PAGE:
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Iran opposition leaders request OK to commemorate dead

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Iran opposition leaders request OK to commemorate dead

Iranian opposition leader Mir Hossein Moussavi and a fellow presidential candidate are requesting a permit to hold a commemoration ceremony for those killed in the fallout after the June 12 elections, according to a post on Moussavi’s Web site Sunday.

At least 20 protesters were killed and more than 1,000 were arrested in Tehran in the first few days after the election, according to human rights groups.

Moussavi, a reformist and chief rival to President Mahmoud Ahmadinejad, and fellow candidate Mehdi Karrubi sent the letter requesting a permit for the ceremony to the Islamic republic’s interior minister, according to Moussavi’s Ghalam News Web site.

The candidates want to hold the ceremony on Thursday at the site for Friday prayers, saying the date would signify the 40th day after the chaotic street demonstrations. For Iranians, a predominantly Shiite Muslim population, the 40th day marks the last official day of mourning in the immediate aftermath of a death.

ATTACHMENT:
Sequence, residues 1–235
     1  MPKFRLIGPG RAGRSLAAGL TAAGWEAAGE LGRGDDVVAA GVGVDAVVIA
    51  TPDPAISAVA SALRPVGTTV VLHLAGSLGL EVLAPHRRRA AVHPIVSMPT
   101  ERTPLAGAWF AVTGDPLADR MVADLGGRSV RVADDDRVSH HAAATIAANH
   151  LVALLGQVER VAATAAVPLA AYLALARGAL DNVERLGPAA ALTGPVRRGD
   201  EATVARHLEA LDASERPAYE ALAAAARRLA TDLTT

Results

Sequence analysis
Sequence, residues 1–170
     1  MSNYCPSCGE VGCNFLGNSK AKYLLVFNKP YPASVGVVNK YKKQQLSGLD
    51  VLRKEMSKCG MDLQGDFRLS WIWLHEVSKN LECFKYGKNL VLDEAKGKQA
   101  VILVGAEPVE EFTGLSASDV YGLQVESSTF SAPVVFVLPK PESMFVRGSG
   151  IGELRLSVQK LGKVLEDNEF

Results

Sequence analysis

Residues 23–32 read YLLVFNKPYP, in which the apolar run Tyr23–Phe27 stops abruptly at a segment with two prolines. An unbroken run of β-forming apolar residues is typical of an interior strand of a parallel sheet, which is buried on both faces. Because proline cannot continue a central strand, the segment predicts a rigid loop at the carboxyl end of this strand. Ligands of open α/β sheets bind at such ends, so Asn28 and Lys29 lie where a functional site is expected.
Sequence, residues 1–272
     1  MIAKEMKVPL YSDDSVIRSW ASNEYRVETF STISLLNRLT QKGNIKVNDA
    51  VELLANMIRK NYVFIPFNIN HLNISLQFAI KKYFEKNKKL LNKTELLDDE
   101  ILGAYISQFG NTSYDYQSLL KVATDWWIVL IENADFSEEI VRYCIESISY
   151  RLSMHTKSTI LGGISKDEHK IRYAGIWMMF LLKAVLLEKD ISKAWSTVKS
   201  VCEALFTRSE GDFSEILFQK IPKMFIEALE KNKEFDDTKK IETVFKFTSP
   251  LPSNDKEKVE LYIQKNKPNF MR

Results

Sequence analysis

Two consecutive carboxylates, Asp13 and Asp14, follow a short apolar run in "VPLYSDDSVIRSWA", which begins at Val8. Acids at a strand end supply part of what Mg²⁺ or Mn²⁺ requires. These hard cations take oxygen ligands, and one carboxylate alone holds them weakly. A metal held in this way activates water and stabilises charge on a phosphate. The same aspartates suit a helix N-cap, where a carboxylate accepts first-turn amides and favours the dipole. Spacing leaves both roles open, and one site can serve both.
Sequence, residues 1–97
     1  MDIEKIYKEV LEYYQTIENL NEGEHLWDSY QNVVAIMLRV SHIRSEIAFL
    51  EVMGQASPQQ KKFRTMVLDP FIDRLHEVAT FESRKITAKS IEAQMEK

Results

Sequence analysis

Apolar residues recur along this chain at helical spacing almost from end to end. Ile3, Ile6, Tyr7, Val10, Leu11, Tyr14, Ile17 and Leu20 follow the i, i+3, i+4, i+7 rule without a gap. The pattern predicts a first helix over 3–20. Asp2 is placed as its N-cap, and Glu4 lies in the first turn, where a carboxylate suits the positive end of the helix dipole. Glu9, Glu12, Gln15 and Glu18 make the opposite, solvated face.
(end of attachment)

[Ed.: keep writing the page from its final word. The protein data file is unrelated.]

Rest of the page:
The letter indicates that there will be no speeches at the proposed ceremony — only recitations from the Quran. Those who attend would be asked to pay their respects to the dead protesters by remaining silent, the letter says

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Iran’s opposition asks to mourn iconic victim

Iran Global Protest

Iran’s opposition asks to mourn iconic victim

Iran’s opposition leader asked authorities Sunday for permission to hold a memorial service for victims of last month’s post-election unrest, including a young woman whose death was caught on video and became a symbol for protesters.

Iranian authorities have pressured the families of slain protesters not to mourn publicly out of fear the gatherings could spark the kind of demonstrations that followed the June 12 presidential vote, according to the opposition.

Opposition leader Mir Hossein Mousavi and fellow pro-reform presidential candidate, Mahdi Karroubi, sent a request to the Interior Ministry to hold a memorial service in Tehran’s Mosalla mosque Thursday to commemorate the end of the 40-day mourning cycle for at least 10 people killed on June 20, Mousavi’s top aide Ali Reza Beheshti told the Associated Press.

Hundreds of thousands of Mousavi supporters took to the streets following the election to protest hard-line President Mahmoud Ahmadinejad’s disputed victory. Iranian security forces cracked down violently, and at least 20 protesters were killed during the unrest, according to police. Rights groups believe the number could be far greater.